"...the medium may well override the message, or worse, become confused with the message"

“I sensed that the congregation was almost superfluous to the activity on stage.” Contemporary Music: The Cultural Medium and the Christian Message
(HT: Paleoevangelical)

1589 reads

There are 5 Comments

DavidO's picture

Not sure if it's scary or awesome to hear CT say the things so similar to what you read at religiousaffections.org.

Aaron Blumer's picture


Maybe both.
Since I've got an optimistic side, I hope it represents the beginning of a trend of broader sensitivity to the relationships between culture, form and content in worship.

Brenda T's picture

Based on a call for contemporary music articles by CT back in March, I am pessimistic that they are intentionally publishing things that sound like what you might read at Religious Affections. The editor, Mark Galli, acknowledged that the recent music articles "display a bias for traditional music" and then followed that up with "This is unfortunate. . . ."

He then admitted that "We strove to find an article or conduct an interview that would give more space to exploring the gift of contemporary music, but we came up empty. . . . When it comes to contemporary Christian music, I have yet to find authors who are able to probe its uniqueness with the same depth and insight as those who relish traditional music."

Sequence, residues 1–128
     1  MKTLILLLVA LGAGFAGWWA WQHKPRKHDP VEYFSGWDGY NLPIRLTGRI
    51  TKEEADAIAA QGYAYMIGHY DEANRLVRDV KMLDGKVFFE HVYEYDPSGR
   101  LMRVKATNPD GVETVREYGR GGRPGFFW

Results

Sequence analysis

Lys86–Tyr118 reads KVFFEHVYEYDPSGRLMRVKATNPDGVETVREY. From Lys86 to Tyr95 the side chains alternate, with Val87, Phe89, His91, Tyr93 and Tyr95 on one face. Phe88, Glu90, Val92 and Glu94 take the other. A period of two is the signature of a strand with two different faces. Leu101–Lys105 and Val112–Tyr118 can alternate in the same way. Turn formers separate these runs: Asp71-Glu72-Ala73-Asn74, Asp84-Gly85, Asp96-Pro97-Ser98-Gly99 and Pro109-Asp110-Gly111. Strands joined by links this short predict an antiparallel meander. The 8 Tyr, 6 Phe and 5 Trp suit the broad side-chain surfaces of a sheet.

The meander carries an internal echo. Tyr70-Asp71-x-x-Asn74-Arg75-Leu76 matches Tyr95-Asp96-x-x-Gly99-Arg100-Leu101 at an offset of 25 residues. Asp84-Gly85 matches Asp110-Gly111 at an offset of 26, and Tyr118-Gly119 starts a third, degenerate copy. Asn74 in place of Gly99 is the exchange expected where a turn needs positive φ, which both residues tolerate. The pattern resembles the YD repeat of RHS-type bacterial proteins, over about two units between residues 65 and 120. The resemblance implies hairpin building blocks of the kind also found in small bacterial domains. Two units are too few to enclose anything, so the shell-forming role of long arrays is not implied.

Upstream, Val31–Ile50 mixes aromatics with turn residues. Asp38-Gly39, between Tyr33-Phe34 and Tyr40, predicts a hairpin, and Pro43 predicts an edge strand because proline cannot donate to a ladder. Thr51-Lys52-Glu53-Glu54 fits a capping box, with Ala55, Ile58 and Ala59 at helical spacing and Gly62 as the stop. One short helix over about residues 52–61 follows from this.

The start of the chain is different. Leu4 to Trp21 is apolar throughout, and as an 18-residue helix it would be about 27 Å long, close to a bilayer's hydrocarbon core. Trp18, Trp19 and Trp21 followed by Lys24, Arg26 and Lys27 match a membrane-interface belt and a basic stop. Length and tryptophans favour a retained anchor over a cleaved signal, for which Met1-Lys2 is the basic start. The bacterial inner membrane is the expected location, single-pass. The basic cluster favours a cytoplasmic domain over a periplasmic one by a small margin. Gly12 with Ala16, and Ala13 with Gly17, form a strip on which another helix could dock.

All of Galli's remarks can be read here: http://www.christianitytoday.com/ct/2011/march/endworshipwars.html

Darren Mc's picture

The main advantage "traditional" music has is that it has the benefit of time to cull out all of the lesser quality songs from the collective memory of the church. If you look at a hymnal from 100 years ago, you will find a lot of contemporary (in the strict dictionary definition of the word) songs that I have never heard and are frankly not very good. No one sings the prohibitionist hymns of that era (with the possible exception of "Yield not to Temptation," but that one does not mention alcohol specifically), but they were immensely popular during that time. If you go back farther in church music history, the hymns Watts wrote about Christians rejoicing as atheists and Jews are cast into hell are not sung at all today either. In 50 years, the church will have been able to separate the "YabbaDabbahLujah's" from the "I Know My Redeemer Lives."

No wisdom, no understanding, and no counsel will prevail against the LORD. Proverbs 21:30

Aaron Blumer's picture


...I have yet to find authors who are able to probe its uniqueness with the same depth and insight as those who relish traditional music

I wonder why that would be.